THE UK Supreme Court did us all a favour last week, and I applaud the Scottish Government for taking it to and the SNP who between them took it to the Court. They’ve taken a legal issue, settled it, and left us all with a far bigger, more interesting and existential democratic one full of far more opportunities and challenges. Challenges for the UK Government especially, and for all politicians of all views.

There were three submissions before the Court, from the two governments, Scottish and UK, and from the SNP. The Scottish Lord Advocate invited the Court to rule, hypothetically but still not entirely in abstract, on the right of Scotland’s national Parliament to legislate to hold a referendum, even an advisory one; and in the SNP submission in addition to giving a view on what the right to self-determination actually means in the UK and in our interconnected modern world.

The Court could have sided with the UK submission and said all of this is hypothetical and premature, absent a bill passed by Holyrood to hold a poll, nothing to do with us lads. It did not, and this is a significant win for the Scottish Government.

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It could also, perfectly fairly, have refused to say anything about the right to self-determination, a long-established, (though seldom examined in any senior Court) warm and fuzzy feelgood principle of UN and EU law. Instead, it gave a clear and unanimous view. It also debunked the widespread and genuinely held view that the UK is a voluntary union. I’m biased, I’m a lawyer myself, and I like things to be binary, black and white, for things to exist, or not. I watched Catalan friends and colleagues for years agonise about rights that did not exist and support that would not (indeed, did not) come, and I want to see Scotland saved the same torment. The ruling of the UK Supreme Court on the right to self-determination is of global significance and is a hard blast of chilly reality for a lot of Scots who honestly believed that the UK was a voluntary partnership of equals (and in 2014 voted accordingly). Under the current devolved settlement, I’m sorry to say, it is not. The UK is not a voluntary union. That will be a hard learning for a lot of people and we in the Yes movement should be respectful of that.

Because the world is a club of states, the EU is a club of states – and Westphalian states at that. Despite the interconnected and messily overlapping nature of regional and global human society, commerce, data and trade, it is states that make the rules of the clubs they have formed and they’ve written them to suit themselves. All the warm and fuzzy rhetorical window dressing about democracy and the rights to self-determination in the UN’s case, or the ever closer union of the peoples of Europe in the EU’s, is and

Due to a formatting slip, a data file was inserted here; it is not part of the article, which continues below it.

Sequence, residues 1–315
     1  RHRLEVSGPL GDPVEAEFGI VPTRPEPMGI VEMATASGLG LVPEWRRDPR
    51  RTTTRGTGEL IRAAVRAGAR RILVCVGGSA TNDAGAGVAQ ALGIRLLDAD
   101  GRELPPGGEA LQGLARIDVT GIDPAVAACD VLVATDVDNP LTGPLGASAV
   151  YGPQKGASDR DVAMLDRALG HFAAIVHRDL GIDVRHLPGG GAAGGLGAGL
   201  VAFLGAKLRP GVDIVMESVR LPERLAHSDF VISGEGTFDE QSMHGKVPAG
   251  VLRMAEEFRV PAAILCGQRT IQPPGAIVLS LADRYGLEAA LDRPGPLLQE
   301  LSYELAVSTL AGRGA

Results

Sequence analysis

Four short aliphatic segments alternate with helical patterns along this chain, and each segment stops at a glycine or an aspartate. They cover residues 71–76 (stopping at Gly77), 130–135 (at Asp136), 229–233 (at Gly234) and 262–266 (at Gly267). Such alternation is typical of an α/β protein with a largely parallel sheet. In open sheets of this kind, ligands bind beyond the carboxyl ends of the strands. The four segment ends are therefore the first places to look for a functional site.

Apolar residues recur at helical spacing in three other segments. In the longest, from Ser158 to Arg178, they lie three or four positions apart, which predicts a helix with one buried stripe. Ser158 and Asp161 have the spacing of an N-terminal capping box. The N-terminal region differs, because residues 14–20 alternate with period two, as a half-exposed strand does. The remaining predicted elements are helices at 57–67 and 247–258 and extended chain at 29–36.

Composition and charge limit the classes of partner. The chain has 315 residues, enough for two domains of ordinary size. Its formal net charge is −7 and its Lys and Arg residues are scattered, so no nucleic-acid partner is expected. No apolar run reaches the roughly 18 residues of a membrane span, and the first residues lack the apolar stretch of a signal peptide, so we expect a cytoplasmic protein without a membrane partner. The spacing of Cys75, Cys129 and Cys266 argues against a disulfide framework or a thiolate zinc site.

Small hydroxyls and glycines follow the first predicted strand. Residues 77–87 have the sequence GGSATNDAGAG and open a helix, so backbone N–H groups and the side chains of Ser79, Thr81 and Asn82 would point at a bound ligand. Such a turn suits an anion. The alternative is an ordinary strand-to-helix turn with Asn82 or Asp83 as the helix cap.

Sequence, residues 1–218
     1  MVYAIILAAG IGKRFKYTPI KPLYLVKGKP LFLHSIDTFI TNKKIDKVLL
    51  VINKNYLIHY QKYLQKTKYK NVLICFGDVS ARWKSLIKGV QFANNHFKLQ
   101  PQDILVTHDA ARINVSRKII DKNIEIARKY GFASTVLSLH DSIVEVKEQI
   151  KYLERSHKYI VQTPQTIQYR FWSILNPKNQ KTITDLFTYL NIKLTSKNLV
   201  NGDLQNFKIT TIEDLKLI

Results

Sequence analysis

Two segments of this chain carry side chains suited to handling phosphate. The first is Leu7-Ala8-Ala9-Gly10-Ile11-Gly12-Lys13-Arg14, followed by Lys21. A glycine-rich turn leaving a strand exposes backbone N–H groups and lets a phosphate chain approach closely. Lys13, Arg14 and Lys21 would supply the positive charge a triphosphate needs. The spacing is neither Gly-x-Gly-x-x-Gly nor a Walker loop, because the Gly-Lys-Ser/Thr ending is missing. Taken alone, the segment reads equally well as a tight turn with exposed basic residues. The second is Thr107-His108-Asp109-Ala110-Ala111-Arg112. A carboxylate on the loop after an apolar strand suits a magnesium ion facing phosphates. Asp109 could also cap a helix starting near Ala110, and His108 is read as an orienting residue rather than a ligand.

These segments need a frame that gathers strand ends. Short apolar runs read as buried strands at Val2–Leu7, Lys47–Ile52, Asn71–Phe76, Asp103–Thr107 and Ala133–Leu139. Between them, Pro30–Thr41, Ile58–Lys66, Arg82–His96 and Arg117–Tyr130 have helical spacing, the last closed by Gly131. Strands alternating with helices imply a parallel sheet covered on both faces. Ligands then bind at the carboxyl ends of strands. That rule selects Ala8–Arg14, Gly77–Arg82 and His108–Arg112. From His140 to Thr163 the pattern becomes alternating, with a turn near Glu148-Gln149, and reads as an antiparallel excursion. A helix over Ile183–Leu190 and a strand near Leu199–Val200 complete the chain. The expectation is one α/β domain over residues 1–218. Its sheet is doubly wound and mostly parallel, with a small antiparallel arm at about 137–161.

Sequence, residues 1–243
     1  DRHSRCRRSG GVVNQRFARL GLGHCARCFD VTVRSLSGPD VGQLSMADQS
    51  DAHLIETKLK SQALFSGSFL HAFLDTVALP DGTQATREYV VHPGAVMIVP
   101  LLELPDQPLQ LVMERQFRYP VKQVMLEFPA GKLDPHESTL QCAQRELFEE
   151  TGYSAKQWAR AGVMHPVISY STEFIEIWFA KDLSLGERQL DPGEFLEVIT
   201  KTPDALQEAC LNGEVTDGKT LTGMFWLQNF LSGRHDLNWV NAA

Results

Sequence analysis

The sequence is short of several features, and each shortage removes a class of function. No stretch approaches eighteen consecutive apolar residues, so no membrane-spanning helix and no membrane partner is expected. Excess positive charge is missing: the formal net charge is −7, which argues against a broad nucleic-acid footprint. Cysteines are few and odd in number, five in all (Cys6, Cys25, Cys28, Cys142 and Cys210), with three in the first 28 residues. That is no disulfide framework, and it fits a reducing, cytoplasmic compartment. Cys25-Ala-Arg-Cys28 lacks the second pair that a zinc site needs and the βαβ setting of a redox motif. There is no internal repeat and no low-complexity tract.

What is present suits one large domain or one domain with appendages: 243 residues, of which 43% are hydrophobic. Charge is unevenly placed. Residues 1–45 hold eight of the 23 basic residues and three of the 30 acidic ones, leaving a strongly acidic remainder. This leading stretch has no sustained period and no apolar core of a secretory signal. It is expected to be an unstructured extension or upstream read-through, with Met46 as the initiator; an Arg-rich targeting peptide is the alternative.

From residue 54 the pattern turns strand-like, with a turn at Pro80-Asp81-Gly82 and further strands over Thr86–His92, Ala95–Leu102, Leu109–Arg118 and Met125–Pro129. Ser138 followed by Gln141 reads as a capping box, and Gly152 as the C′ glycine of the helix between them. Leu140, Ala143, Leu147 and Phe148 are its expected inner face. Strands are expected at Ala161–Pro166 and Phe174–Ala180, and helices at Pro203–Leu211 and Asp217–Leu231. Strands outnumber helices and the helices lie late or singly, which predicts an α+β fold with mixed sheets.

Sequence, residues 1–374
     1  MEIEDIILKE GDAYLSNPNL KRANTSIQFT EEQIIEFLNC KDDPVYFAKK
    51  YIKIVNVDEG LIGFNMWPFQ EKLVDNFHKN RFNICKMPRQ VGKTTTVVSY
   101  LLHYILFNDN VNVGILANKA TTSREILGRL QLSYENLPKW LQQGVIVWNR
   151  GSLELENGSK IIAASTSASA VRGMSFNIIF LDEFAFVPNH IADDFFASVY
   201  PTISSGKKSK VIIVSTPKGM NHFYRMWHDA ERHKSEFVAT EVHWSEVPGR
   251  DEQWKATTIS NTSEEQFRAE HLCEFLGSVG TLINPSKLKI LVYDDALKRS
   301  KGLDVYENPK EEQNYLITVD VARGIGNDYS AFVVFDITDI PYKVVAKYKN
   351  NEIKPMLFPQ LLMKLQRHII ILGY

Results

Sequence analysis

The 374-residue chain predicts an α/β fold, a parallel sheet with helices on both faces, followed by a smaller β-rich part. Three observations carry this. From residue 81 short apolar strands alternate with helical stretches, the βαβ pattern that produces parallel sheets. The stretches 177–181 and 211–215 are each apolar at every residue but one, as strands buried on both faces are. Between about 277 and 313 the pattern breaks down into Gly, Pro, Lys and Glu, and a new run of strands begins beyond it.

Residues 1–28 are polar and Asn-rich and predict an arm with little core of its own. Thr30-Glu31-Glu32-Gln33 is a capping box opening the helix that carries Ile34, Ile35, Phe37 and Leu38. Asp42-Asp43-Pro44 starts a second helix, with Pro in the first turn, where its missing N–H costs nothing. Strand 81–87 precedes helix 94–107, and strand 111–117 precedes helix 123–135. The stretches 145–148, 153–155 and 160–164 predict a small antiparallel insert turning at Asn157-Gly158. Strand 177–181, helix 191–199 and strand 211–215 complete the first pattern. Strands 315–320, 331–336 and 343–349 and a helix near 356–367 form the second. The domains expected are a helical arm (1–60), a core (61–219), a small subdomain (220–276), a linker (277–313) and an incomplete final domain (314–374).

has always been a self-serving legal fiction.

This is why we in the Yes movement want Scotland to join that club as a state. The right to self-determination was always qualified. It existed in a post-colonial context, or in the case of oppression or occupation. It gave a fig leaf of legality when the international community decided to intervene in failed or failing states like the former Yugoslavia or South Sudan, or invaded ones like Kuwait or Ukraine. It has never really been meant to empower people.

My predecessor in the European Parliament, the much-missed Professor Neil McCormick, as a member of the European Constitutional Convention, proposed articles to the draft EU Constitution (that eventually became the Lisbon Treaty) specifically to create a right to self-determination in EU law. The proposals were voted down by all sides. The EU does not have any meaningful right to self-determination not by accident but by conscious design. The states will deal with such matters at the time in whatever way best suits them. The UN and international law have the same deliberate fuzziness.

Sovereignty pooled is sovereignty retained, as we know from Brexit, and power devolved is power retained, as we now know, in cold hard black and white, within the UK, under the current constitutional settlement.

And that’s why the current devolved settlement isn’t good enough. Scotland has outgrown it.

Scotland has come a long way politically since 1997 and the independence referendum, EU referendum, the aftermath of both and the collapse of integrity and credibility at Westminster leaves the UK with an indefensible and unsustainable democratic deficit. 73% of Scots want back into the EU. 50% or so of Scots want independence. Only 22% of Scots trust the UK Government to act in their interests. We do not yet know how Scots will react to the news that the UK is indeed not an equal partner in the UK and under the current constitutional arrangements we do not have a right to choose.

The next electoral event that we know of is the upcoming Westminster election. That is the next opportunity for the people of Scotland to give their view on how fit for purpose their governance arrangements are and who is best placed to make decisions for Scotland. A de facto referendum on Scotland’s right to choose.

The SNP have a clear vision of Scotland’s best future, independence in Europe. It is up to the SNP to harness that de facto referendum into achievable change by defining what we seek and building a consensus for that achievable change, however incremental it may need to be, to build a credible momentum. We have some thinking yet to do on this, but it is an argument that we can win and win big for Scotland.